Described in such terms would suggest Dom Casmurro is a straight forward linear narrative. Far from it. The chapters are very short (some in fact just one paragraph long) and not necessarily connected to each other by the order of the events they supposedly relate so undermining the usual ‘beginning, middle and end’ way of narrating.
Machado also plays with his reader’s expectations about the traditions of a love story, confounding those expectations by making Bento so completely unreliable as a narrator that we question whether there really was any grande passion with Capitú. Bento says his version of events is ‘the unvarnished truth’ and yet he admits that he has a poor memory, unable to remember even the colour of the trousers he wore yesterday let alone the colour of his first pair. Once we begin to doubt his veracity on the nature of his early relationship with Capitú, then the field is wide open to question whether she really is an adulteress. Is this a figment of Bento’s over active imagination?
Inventive he certainly is. He frequently digresses from the story of his love and his life to pontificate on Brazilian life and society or about ministerial reshuffles, slavery, the need to re-write Othello and train travel. Beneto is someone inclined to chatter about anything that just pops into his head, regardless of whether it has anything to do with his story.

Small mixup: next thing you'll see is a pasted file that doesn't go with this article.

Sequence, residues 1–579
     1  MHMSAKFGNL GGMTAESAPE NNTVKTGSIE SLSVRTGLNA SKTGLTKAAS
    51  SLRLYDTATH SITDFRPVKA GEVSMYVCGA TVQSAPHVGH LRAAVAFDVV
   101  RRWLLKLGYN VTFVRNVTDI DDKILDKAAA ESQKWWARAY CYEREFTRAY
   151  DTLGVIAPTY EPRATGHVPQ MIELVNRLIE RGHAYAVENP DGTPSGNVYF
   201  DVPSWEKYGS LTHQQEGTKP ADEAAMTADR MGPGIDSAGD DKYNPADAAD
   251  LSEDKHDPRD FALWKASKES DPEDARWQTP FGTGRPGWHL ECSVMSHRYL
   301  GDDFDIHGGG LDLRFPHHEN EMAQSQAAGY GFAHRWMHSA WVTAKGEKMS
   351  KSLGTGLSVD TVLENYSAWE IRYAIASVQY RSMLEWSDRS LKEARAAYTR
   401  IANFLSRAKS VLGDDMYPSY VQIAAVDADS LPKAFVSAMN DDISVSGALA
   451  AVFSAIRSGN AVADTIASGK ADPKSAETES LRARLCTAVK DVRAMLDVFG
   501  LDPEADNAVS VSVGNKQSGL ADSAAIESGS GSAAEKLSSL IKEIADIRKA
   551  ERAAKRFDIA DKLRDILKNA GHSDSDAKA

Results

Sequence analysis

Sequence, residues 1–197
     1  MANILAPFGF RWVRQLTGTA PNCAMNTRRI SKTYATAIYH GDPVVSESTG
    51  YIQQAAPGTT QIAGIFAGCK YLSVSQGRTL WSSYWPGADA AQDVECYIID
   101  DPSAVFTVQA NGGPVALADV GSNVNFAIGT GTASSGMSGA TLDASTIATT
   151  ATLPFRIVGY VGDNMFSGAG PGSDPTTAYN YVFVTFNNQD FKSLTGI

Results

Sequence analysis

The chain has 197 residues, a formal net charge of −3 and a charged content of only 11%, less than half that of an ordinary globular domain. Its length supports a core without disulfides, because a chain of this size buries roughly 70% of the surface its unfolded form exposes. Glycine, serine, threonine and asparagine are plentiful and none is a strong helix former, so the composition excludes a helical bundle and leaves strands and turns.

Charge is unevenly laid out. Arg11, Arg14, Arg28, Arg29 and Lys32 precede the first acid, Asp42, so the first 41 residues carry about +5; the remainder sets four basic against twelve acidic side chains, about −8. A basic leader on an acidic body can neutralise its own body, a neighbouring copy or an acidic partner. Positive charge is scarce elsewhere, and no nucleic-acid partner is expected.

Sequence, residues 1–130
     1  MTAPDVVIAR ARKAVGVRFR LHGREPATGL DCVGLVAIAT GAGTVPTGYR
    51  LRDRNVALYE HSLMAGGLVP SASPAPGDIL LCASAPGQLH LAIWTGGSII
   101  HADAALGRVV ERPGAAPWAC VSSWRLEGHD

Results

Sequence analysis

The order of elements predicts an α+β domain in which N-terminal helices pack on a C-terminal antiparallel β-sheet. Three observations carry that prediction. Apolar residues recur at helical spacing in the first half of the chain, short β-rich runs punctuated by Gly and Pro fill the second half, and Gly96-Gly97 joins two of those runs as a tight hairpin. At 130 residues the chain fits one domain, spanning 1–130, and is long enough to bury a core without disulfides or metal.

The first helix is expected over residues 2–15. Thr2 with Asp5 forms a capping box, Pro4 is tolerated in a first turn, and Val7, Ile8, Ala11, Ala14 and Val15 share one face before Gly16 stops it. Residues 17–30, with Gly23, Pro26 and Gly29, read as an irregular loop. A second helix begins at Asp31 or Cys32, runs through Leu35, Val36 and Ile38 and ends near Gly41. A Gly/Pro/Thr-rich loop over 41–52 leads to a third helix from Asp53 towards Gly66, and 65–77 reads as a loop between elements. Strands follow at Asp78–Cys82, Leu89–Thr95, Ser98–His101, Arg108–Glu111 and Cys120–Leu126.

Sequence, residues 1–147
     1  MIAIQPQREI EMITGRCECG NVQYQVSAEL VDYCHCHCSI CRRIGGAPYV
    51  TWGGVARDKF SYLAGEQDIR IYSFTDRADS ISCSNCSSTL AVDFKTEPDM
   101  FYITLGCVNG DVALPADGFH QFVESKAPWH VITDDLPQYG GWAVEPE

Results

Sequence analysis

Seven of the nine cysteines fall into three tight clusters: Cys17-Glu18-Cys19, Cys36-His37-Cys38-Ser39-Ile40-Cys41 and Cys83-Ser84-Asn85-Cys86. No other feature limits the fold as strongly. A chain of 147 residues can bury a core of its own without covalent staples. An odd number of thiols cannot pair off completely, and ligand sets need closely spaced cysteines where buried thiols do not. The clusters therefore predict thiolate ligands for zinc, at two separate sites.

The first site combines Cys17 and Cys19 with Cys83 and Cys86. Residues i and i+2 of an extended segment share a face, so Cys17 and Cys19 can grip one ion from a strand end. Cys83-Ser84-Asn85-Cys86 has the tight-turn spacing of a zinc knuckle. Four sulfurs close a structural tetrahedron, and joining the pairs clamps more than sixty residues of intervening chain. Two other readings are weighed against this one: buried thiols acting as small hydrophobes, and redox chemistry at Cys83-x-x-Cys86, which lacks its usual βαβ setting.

Reading this novel I gained the distinct impression that Bento – and Machado – were inviting the reader to understand that their story was a complex series of illusions, that nothing is really what it seems.
Shake your head reader; make all the incredulous gestures you like. throw the book out even, if boredom hasn’t made you do it already; anything is possible. But if you haven’t done so and only now do you feel like it, I trust that you will pick the book up again and open it at the same page without believing that the author is telling the truth.
In questioning the narrator’s ability to accurately render the very events they are meant to be presenting, Machado also draws attention to the way in which the whole process of writing is an artifice.
Mischevious. Quirky. Puzzling. By the end of Dom Casmurro I wasn’t absolutely sure what kind of book I had just read or what was true and what was fabricated. But I did know I had enjoyed being led down many garden paths.